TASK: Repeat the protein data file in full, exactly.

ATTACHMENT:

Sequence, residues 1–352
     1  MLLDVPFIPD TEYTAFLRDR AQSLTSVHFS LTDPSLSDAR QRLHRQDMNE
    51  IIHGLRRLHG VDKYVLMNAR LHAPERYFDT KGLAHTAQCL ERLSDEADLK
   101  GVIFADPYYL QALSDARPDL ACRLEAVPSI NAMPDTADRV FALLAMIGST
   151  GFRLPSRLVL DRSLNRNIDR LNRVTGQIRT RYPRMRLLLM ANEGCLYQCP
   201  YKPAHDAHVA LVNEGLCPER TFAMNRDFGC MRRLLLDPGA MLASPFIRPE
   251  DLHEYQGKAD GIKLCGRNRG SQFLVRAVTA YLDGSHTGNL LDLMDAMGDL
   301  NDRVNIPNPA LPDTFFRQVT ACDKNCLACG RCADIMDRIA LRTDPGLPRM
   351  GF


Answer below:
Sequence, residues 1–352
     1  MLLDVPFIPD TEYTAFLRDR AQSLTSVHFS LTDPSLSDAR QRLHRQDMNE
    51  IIHGLRRLHG VDKYVLMNAR LHAPERYFDT KGLAHTAQCL ERLSDEADLK
   101  GVIFADPYYL QALSDARPDL ACRLEAVPSI NAMPDTADRV FALLAMIGST
   151  GFRLPSRLVL DRSLNRNIDR LNRVTGQIRT RYPRMRLLLM ANEGCLYQCP
   201  YKPAHDAHVA LVNEGLCPER TFAMNRDFGC MRRLLLDPGA MLASPFIRPE
   251  DLHEYQGKAD GIKLCGRNRG SQFLVRAVTA YLDGSHTGNL LDLMDAMGDL
   301  NDRVNIPNPA LPDTFFRQVT ACDKNCLACG RCADIMDRIA LRTDPGLPRM
   351  GF